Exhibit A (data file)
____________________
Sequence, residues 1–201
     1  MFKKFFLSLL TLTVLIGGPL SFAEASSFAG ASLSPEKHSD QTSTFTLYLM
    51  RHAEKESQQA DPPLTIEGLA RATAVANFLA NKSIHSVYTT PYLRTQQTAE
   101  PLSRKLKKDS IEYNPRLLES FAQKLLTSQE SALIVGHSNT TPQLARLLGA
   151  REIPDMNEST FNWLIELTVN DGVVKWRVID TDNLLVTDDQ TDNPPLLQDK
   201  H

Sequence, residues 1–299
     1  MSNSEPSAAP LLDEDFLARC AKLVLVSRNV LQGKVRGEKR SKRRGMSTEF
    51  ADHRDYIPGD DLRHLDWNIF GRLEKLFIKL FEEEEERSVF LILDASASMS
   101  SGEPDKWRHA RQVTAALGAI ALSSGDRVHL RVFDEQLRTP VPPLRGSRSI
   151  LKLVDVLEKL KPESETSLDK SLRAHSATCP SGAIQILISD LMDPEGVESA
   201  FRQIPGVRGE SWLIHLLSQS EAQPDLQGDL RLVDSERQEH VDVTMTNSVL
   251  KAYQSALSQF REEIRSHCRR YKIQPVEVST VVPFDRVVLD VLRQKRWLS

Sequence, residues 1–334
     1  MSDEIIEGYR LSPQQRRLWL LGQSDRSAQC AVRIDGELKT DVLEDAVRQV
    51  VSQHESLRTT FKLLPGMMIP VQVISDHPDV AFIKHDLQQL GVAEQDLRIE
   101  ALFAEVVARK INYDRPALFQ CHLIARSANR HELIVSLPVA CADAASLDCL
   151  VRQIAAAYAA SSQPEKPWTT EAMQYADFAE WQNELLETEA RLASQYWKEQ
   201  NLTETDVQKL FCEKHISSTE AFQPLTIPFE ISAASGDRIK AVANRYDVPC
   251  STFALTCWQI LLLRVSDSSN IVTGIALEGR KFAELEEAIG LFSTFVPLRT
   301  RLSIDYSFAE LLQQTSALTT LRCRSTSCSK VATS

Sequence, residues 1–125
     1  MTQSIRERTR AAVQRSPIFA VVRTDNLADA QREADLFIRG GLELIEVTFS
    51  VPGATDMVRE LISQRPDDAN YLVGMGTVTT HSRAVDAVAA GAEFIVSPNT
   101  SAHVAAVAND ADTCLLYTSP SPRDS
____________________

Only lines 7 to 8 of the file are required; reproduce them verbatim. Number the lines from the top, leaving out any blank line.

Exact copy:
Sequence, residues 1–299
     1  MSNSEPSAAP LLDEDFLARC AKLVLVSRNV LQGKVRGEKR SKRRGMSTEF